Mexico’s economic freedom score is 67.0, making its economy the 50th freest in the 2013 Index. Its score is 1.7 points better than last year, reflecting notable improvements in investment freedom, trade freedom, and monetary freedom. Mexico is ranked 3rd out of three countries in the North America region, but its score is well above the world average. The Mexican economy has shown a moderate degree of resilience in the face of a challenging global economic environment. Reform efforts have continued in many areas related to economy freedom. Implementation of policies intended to support open markets and encourage a vibrant private sector has enhanced investment flows and the vitality of entrepreneurship, although growth remains sluggish. The 2012 labor reform bill, which aimed to increase labor market flexibility, was weakened by amendments to protect the country’s powerful unions.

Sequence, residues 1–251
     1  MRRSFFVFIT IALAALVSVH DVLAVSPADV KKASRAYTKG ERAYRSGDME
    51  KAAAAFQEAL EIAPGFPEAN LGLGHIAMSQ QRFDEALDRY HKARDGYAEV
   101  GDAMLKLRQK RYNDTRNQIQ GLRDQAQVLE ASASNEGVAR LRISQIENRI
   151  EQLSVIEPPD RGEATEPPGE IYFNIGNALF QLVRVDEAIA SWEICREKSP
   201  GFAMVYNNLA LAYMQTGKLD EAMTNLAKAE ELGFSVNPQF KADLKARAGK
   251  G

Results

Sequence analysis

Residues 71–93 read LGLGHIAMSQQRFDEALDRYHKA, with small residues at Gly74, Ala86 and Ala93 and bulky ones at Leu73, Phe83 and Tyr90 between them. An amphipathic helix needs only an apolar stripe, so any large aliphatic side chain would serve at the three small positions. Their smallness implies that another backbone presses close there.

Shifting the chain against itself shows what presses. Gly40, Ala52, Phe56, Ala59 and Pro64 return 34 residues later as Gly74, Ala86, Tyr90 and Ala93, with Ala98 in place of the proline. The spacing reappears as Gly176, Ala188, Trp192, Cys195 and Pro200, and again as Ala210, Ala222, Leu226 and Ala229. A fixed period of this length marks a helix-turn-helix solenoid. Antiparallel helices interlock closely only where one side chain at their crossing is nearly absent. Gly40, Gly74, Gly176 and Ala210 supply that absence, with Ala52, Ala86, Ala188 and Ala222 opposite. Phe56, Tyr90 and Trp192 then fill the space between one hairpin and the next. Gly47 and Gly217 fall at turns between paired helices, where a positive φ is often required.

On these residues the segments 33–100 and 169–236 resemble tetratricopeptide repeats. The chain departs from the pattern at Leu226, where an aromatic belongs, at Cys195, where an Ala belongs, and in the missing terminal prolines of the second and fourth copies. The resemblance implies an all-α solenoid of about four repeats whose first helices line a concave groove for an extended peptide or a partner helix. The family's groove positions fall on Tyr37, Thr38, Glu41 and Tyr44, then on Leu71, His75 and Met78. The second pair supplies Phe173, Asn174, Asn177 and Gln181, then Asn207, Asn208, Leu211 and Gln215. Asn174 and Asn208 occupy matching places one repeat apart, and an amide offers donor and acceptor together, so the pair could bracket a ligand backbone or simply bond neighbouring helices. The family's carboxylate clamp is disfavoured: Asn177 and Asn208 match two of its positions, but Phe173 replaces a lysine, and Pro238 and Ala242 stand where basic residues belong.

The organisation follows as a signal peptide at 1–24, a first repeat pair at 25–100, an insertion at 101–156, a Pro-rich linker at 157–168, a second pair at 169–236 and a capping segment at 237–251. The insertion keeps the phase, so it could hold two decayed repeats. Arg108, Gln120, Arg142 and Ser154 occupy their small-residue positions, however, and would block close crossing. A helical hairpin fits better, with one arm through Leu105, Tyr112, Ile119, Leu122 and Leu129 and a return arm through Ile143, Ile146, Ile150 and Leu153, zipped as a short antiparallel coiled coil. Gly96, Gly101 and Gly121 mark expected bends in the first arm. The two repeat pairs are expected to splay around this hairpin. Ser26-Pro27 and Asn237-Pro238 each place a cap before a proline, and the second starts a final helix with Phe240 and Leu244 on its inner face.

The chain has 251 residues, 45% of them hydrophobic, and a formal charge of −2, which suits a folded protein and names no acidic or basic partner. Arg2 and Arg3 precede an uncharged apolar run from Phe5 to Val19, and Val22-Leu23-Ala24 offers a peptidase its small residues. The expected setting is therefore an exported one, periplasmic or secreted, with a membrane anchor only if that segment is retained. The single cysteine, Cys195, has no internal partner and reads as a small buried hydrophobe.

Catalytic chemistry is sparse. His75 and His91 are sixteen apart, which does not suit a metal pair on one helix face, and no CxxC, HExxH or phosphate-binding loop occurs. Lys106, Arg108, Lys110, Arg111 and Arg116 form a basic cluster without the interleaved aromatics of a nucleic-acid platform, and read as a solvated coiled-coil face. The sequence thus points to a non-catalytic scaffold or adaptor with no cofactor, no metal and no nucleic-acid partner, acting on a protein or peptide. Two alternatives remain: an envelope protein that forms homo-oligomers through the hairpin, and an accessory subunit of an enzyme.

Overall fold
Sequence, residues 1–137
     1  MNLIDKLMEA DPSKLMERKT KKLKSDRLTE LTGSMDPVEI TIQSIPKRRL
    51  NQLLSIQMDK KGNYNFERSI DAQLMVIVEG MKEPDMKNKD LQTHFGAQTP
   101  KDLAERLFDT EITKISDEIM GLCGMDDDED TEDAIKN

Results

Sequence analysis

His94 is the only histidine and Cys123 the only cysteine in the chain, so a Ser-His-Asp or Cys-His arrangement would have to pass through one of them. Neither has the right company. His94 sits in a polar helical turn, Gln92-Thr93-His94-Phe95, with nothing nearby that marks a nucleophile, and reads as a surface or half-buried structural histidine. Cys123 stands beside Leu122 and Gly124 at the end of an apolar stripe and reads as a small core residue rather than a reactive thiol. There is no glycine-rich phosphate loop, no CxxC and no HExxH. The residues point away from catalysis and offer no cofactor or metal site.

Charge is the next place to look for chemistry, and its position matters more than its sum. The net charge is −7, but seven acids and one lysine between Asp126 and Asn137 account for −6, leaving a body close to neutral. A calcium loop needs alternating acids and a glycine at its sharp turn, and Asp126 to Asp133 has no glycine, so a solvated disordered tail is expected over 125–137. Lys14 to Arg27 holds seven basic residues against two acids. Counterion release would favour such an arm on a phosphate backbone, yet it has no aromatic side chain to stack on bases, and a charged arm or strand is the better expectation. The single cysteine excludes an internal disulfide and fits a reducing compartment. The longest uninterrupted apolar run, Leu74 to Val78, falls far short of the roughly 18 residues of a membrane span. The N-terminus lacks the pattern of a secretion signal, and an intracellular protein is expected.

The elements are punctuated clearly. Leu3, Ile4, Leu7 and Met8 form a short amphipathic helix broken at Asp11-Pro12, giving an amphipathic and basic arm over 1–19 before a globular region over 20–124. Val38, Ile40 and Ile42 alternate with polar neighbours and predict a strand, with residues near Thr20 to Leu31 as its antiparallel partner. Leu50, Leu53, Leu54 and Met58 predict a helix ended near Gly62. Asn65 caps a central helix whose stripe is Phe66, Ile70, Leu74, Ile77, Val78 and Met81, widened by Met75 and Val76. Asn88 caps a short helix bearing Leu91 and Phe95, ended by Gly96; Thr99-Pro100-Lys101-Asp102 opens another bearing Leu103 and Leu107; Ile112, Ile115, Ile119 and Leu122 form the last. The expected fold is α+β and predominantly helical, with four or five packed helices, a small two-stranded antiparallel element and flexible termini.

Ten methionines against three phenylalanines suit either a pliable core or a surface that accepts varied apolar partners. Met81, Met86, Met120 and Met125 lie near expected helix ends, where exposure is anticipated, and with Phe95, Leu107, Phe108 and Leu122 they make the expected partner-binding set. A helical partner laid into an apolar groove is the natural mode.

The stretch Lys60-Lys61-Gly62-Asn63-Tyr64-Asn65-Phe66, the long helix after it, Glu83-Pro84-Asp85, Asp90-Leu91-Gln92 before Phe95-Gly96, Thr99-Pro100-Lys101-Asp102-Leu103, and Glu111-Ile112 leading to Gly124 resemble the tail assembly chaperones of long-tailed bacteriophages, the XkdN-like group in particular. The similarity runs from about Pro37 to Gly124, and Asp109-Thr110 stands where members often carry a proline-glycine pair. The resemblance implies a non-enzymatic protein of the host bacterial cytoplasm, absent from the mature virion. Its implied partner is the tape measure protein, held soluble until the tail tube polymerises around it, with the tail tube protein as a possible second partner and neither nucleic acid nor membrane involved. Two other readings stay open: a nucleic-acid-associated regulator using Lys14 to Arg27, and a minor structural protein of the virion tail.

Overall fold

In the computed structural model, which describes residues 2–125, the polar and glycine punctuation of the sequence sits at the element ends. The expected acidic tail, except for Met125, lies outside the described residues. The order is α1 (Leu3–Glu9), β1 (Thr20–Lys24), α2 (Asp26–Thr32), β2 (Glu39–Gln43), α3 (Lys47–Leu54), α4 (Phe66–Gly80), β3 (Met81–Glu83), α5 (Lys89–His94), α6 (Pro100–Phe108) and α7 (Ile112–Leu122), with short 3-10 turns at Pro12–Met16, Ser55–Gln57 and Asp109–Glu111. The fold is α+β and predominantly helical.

Mexico has lagged notably in promoting the rule of law and strengthening the legal framework. The judicial system remains vulnerable to political interference, and property rights are not strongly protected. Corruption further undermines long-term institutional competitiveness. Recent years’ expansionary public spending threatens fiscal sustainability.
Key Statistics: Population: 113.7 million, GDP: $1.7 trillion, 4.0% growth in 2011, 5-year compound annual growth 1.4%, $14,610 per capita. Unemployment: 5.3%. Inflation: 3.4%. FDI Inflow: $19.6 billion. Public Debt: 43.8% of GDP. (2012)
The Mexican and U.S. economies are tightly integrated, with goods, services, capital and people traveling back and forth between the two nations at unprecedented rates. In trade, Mexico is second only to Canada as the largest export market for the United States, purchasing $163 billion in U.S. goods in 2010.